They say the reason crypto companies should get a license in order to operate is in order to make it harder to fund terrorism and making money laundering through crypto impossible. In order to qualify for the license crypto companies must report “unusual transactions” and know exactly who their customers are.
According to the Dutch Central Bank the regulation is necessary due to the huge number of money being laundered but how high is this number actually? According to an investigation over 88 million USD was laundered over 46 different cryptocurrency exchanges around the world in the past two years.
Companies like ShapeShift AG official incorporated in Switzerland but currenctly operating in the US has processed over 9 million USD in illegal crypto funds since back in 2016. The altcoin exchange service made it able for people to trade cryptocurrency anonymously making it perfect for money laundering. Very similarly to this is the sex-advertising website Backpage. After a while it turned out Backpage was using cryptocurrency exchanges to launder millions of dollars in bitcoin.
Eventually the truth revealed itself and uncle Sam didn’t like wat was going on. the US Department of Justice accused the online sex marketplace of money laundering, conspiracy, and facilitating prostitution and all of this in a 93-page thick federal indictment.
In order to foster its money laundering Backpage used bitcoin processing companies like Coinbase, GoCoin, Paxful, Kraken and Crypto Capital. They also used the accounts of third parties to route the money through, making it harder to trace down. The CEO of the Federal Reserve Bank of New York John Williams states, “The setup or institutional arrangement around bitcoin and other cryptocurrencies is problematic they have problems with fraud, problems with money laundering and terror financing.”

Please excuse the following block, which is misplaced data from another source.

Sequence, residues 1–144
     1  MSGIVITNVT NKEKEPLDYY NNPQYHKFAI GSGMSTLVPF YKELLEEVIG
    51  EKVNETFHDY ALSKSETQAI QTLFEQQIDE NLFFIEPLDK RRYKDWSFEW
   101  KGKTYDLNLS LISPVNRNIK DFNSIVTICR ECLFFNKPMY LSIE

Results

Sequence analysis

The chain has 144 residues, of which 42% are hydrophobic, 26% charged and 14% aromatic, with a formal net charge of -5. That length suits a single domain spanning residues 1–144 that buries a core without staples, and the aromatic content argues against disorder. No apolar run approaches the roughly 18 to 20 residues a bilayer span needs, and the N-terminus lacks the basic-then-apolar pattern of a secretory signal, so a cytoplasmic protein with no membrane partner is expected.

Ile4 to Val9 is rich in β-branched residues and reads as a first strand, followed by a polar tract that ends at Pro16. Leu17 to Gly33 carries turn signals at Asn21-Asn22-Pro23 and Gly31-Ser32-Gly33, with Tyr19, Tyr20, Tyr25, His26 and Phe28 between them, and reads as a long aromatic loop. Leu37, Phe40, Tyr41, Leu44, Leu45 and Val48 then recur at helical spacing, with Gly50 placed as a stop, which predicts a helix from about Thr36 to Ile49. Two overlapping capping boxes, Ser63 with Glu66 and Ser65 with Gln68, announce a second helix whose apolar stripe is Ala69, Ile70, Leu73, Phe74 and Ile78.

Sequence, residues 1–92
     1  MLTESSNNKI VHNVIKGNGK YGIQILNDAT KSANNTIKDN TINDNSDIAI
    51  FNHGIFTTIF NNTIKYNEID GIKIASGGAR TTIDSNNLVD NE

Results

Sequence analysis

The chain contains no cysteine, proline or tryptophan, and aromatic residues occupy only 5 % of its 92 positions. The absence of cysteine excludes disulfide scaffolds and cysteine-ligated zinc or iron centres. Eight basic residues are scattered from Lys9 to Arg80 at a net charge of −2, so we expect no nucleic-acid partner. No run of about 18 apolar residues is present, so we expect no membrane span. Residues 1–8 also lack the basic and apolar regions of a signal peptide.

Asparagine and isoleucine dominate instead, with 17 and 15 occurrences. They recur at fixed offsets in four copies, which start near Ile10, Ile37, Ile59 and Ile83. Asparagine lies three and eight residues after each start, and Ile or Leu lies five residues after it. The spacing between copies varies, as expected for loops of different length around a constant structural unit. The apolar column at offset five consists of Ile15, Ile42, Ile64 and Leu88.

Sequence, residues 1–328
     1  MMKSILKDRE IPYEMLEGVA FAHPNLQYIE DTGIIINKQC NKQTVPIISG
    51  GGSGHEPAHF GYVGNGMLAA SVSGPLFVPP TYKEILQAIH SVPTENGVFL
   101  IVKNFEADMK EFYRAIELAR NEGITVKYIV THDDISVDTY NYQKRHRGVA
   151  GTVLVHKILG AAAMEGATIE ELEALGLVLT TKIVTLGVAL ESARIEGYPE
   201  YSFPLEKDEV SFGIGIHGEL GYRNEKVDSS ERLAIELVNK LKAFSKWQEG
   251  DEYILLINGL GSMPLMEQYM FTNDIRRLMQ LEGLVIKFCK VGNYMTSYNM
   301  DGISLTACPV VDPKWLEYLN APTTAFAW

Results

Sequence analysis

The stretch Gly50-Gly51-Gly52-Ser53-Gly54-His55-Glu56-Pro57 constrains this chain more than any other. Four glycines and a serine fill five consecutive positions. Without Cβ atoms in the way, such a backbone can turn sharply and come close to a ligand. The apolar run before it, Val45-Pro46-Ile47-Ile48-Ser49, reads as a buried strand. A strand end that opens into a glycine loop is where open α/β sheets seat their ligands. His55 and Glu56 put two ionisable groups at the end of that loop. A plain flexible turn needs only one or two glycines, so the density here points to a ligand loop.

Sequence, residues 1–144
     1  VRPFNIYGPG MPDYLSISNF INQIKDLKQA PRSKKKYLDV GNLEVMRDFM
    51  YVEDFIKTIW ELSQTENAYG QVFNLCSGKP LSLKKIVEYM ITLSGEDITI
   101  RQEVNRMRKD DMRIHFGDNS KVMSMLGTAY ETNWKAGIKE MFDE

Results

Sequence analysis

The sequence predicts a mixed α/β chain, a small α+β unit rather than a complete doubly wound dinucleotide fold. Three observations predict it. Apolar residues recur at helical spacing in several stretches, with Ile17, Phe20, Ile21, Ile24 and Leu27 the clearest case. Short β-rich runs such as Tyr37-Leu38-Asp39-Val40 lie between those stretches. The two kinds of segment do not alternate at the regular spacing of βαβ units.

But money laundering has been around longer than bitcoin so the office of Quebec Chief Scientist Rémi Quirion stated “Bitcoin is not above the law, nor is it a magnet for illicit transactions: it forms only a tiny part of the criminal money circulating around the planet.” And this is certainly true.
It is hard to estimate the total number of money being laundered around the world when it comes to fiat currency, but a well calculated estimate says it is around 2 to 5 percent of the global GDP which comes down to 800 billion to 2 trillion USD.
Compared to this number a couple million is peanuts but still a great way for banks and governments to put regulations on crypto. A similar report by blockchain analytics company Elliptic said that between 2013 and 2016 only 1 percent of all bitcoin activities involved money laundering.
Cryptocurrency is an attractive way of money laundering due to its anonymity but considering the huge number of money being laundered today with fiat currency a license for legitimate businesses seems like a high price to pay.
Are the institutional investors going to step in?
A lot of people in the crypto community agree on one thing, in order to make the price of bitcoin rise we are going to need the mass adoption to take place and in order to achieve this we need institutional investors to step in the game. There has been a lot of talk around the subject of traditional investors and banks stepping in but are these jus roomers or is the mass adoption closer than we think?